MARKET REPORT: FTSE spooked after sharp sell-off on Wall Street

Shares in London tumbled after Wall Street suffered its worst performance since the depths of the pandemic.

After a heavy sell-off in New York on Tuesday, the FTSE 100 fell 1.5 per cent, or 108.56 points, to 7277.30 and the FTSE 250 fell 1.7 per cent, or 318.01 points, to 18849.20.

The losses were mirrored across Europe as the main benchmark in Germany sank 1.2 per cent while France’s Cac slid 0.4 per cent.

Losses: After a heavy sell-off in New York on Tuesday, the FTSE 100 fell 1.5% and the FTSE 250 fell 1.7%

In the US, the Dow Jones clawed back some of its losses, edging up 0.2 per cent, having fallen nearly 4 per cent in what was Wall Street’s biggest slide since June 2020. The Nasdaq rose 0.7 per cent after its 5.5 per cent slump.

Markets have been spooked by the prospect of interest rate hikes by the US Federal Reserve and the Bank of England as central banks fight against inflation.

While inflation in the US fell to 8.3 per cent in August, it was higher than expected, and set the scene for a bumper rise there next week.

The Bank of England is also expected to strike next week despite inflation in the UK easing slightly from 10.1 per cent in July to 9.9 per cent in August.

Hargreaves Lansdown analyst Susannah Streeter said there are mounting concerns that inflation is becoming a mainstay in the economy. 

She said: ‘More aggressive rate rises will mark a sharp escalation in borrowing costs, and worries are ratcheting up about the effect this will have on the global economy, as we hurtle away from the era of cheap money.’

Stock Watch – Trackwise Designs

Trackwise Designs plunged after it said it needs to raise money to get a new manufacturing plant up and running.

It had signed a four-year agreement to supply its circuits to a UK manufacturer of electric vehicles. 

But the AIM-listed firm’s funding plans have been affected after the customer last month said it expects fewer units.

Trackwise is in ‘advanced discussions’ about a new contract and ‘reviewing options for additional funding’. Shares fell 47.4 per cent, or 9p, to 10p.

Reports have suggested the Bank of Japan could soon act to prop up the weak yen, something it has not done since 1998.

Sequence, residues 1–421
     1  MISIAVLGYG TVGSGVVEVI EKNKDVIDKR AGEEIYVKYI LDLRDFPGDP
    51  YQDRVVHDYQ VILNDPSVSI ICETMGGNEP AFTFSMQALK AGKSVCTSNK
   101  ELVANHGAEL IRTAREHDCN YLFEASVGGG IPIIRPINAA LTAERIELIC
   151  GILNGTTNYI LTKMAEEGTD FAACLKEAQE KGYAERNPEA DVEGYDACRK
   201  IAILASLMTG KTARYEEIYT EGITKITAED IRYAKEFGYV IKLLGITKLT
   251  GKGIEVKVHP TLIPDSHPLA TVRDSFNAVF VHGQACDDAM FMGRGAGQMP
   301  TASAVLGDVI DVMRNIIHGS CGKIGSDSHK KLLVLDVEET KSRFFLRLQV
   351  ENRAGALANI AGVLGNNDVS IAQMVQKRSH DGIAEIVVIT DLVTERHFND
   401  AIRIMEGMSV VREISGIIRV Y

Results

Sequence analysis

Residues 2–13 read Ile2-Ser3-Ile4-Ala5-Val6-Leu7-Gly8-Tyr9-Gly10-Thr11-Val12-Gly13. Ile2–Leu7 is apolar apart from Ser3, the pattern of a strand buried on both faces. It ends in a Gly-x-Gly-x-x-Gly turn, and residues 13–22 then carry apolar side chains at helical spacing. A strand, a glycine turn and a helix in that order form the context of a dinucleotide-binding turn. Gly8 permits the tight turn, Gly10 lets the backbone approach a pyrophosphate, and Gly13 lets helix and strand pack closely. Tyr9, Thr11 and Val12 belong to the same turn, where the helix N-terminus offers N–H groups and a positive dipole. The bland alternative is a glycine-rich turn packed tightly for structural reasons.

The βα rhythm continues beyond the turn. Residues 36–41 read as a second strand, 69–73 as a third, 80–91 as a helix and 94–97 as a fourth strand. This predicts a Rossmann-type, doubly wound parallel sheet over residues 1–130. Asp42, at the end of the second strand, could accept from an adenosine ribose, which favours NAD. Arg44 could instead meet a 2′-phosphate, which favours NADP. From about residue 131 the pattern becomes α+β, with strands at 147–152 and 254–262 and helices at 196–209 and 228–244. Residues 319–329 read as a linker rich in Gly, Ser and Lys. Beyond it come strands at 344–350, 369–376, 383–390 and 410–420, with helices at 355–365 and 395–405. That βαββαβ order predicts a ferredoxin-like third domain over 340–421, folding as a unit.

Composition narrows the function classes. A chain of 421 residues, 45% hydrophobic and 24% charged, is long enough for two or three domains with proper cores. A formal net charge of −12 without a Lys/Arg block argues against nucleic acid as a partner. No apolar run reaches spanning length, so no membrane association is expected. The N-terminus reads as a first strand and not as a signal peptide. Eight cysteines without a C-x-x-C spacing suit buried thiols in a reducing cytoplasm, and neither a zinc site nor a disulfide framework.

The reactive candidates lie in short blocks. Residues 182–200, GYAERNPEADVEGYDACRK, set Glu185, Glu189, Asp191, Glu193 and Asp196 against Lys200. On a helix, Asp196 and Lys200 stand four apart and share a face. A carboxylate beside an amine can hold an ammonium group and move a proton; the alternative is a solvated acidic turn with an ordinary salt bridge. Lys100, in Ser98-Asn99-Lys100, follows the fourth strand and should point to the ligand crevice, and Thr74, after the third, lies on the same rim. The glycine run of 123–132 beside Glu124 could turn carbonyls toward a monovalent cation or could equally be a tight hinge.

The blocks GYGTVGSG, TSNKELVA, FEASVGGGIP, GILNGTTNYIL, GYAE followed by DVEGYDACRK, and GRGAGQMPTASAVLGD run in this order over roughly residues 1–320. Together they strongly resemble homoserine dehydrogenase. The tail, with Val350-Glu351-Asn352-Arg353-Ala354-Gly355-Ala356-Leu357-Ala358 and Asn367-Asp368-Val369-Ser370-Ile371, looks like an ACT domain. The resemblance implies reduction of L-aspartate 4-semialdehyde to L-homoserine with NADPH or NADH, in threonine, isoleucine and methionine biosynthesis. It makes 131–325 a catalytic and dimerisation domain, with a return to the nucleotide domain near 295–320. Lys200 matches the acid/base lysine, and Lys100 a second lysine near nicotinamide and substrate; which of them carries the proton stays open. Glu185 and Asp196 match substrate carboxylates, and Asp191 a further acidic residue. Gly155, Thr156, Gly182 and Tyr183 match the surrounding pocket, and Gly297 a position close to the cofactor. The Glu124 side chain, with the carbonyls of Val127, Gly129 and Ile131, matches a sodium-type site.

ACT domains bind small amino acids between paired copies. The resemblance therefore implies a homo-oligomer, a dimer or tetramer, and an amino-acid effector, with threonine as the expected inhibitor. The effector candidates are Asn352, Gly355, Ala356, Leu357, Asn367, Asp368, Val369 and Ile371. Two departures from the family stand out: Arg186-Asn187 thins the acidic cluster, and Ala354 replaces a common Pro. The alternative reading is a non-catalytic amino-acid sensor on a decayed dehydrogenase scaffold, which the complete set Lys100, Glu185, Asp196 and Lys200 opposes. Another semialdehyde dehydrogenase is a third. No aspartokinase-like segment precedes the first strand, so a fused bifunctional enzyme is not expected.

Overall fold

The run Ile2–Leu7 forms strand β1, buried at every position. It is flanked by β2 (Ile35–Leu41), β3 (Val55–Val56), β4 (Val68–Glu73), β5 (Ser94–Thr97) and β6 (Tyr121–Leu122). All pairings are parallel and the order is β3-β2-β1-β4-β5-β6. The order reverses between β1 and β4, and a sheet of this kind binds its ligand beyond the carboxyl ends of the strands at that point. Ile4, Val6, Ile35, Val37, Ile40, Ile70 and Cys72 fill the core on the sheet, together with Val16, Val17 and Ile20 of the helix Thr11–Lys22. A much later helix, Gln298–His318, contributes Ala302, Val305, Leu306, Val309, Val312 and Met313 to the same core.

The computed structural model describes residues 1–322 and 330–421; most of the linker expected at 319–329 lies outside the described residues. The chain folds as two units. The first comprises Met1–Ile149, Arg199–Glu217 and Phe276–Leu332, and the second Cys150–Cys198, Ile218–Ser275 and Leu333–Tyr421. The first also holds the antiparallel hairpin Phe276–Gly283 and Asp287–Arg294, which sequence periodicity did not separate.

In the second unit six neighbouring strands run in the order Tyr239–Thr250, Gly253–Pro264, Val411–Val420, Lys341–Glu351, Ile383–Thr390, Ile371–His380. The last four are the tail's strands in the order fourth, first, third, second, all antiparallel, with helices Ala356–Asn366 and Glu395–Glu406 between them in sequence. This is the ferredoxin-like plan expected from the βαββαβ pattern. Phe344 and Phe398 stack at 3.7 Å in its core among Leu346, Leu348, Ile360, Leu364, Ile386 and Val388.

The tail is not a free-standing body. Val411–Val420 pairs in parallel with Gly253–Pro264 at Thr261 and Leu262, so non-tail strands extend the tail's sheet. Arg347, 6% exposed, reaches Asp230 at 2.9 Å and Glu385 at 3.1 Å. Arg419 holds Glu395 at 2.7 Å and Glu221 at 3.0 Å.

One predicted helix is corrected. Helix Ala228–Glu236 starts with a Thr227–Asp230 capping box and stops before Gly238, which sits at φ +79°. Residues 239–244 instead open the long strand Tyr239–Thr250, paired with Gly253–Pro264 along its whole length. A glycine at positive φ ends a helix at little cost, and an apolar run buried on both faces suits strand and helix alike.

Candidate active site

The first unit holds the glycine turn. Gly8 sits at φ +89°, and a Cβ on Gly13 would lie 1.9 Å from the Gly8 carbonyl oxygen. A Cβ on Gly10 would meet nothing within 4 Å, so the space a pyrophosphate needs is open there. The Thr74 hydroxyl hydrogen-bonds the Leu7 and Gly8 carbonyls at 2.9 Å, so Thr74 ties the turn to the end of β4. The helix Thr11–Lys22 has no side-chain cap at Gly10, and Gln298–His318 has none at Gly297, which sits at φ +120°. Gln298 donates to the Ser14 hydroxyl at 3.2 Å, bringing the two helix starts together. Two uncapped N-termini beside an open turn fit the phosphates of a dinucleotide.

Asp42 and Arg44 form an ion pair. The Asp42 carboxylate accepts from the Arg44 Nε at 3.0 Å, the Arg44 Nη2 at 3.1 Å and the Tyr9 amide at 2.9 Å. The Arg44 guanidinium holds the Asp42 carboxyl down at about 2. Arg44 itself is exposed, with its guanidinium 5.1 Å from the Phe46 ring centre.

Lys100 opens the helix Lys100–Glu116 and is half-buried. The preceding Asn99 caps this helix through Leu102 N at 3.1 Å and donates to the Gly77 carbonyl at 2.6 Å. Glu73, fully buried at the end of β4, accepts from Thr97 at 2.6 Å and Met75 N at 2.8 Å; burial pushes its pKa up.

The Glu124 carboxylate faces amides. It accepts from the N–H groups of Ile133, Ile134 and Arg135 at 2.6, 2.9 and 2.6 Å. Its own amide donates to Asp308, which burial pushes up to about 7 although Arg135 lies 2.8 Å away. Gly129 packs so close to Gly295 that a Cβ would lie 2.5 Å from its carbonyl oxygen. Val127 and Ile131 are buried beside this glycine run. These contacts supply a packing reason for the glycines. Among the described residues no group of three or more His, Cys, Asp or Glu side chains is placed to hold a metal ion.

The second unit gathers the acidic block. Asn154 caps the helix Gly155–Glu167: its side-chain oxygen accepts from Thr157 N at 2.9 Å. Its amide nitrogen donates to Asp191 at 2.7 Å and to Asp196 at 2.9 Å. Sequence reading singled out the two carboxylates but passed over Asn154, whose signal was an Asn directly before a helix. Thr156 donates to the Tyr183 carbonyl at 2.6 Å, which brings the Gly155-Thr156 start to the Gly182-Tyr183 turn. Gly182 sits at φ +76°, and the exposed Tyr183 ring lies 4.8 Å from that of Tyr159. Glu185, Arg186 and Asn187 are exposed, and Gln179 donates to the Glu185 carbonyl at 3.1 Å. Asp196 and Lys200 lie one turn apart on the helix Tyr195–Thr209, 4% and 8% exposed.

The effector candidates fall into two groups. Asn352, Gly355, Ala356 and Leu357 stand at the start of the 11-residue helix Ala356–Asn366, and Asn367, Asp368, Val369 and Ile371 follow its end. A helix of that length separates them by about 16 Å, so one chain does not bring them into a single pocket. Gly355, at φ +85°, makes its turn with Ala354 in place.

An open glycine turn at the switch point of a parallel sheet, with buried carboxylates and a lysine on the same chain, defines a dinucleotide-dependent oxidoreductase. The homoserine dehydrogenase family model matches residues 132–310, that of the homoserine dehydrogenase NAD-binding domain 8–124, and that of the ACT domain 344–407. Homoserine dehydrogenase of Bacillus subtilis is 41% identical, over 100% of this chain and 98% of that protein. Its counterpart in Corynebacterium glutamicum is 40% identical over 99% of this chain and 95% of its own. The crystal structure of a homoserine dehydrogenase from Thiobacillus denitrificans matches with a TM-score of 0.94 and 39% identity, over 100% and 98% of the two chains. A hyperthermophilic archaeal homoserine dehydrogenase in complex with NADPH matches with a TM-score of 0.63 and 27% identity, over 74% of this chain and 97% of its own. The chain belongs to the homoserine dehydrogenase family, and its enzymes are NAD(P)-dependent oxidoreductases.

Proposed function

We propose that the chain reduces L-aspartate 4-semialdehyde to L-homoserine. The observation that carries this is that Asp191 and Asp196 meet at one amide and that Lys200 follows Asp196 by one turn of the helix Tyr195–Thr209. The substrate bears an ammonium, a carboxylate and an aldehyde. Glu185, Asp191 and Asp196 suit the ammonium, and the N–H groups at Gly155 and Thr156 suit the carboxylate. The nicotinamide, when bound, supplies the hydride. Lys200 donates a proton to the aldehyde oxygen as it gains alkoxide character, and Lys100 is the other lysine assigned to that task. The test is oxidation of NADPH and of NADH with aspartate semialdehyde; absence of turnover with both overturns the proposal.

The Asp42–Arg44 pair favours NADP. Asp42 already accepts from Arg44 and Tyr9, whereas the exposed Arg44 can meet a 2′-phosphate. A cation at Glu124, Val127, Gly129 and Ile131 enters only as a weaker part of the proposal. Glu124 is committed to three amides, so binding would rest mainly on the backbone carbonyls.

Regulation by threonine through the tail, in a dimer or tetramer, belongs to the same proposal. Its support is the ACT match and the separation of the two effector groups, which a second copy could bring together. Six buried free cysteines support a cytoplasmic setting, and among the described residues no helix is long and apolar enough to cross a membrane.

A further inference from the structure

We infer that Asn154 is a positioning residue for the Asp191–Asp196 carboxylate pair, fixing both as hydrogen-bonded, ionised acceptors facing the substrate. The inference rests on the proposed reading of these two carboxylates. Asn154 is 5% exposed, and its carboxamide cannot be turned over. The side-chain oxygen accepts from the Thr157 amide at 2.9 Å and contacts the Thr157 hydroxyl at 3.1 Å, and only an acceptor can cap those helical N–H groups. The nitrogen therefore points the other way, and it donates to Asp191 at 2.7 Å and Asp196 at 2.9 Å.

In London, broker downgrades heaped further pressure on the blue-chip index. 

A day after its shares tumbled more than 14 per cent, having warned annual sales were set to fall, Ocado’s target price was cut to 740p from 775p by Barclays. Credit Suisse cut the target price by nearly 400p, to 590p.

The retailer’s shares fell 8.2 per cent, or 56p, to 623.2p.

There was little cheer for investment firm Abrdn as Deutsche Bank sees further risk to the shares from ‘an earnings and capital perspective’, cutting the target price to 135p from 175p, sending it down 4.6 per cent, or 6.9p, to 142.3p.

Auto Trader fell 3.1 per cent, or 20.2p, to 622.8p after Morgan Stanley lowered the online car seller’s rating to ‘equal-weight’ from ‘overweight’, and cut the target price to 682p, from 755p.

Rio Tinto has joined forces with its largest customer in a £1.7billion iron ore project in Pilbara, Australia. The mining giant will invest £1.12billion and hold a 54 per cent stake, with the rest owned by Baowu. Rio fell 2.3 per cent, or 111p, to 4798p.

Home furnisher Dunelm posted record profits as stores remained open all year for the first time since Covid struck.

Full-year profit rose 32.4 per cent to £209million and sales rose 16.2 per cent to £1.55billion. Boss Nick Wilkinson vowed to ‘make every pound count’, with it on track to deliver results in line with expectations. It rose 3.5 per cent, or 25p, to 748p.

Tullow Oil is ‘fully committed’ to a merger with Capricorn Energy. In its half-year results, it said the deal will create a ‘leading African energy company’. 

Its comments came after Capricorn shareholder Schroders said it would not back the deal as it believes Capricorn should take a 70 per cent stake – well above the 47 per cent planned. Tullow rose 2.2 per cent, or 1.1p, to 50.8p.

Dublin drinks company C&C, whose brands include Bulmers and Magners, expects revenues to rise 35 per cent to £777million and profit of £45million to £47million for the six months to the end of August. 

But Shore Capital lowered its profit expectations for the full year by £8.6million to around £77.7million after C&C suffered a slowdown in trading. C&C fell 8.1 per cent, or 14.1p, to 159.8p.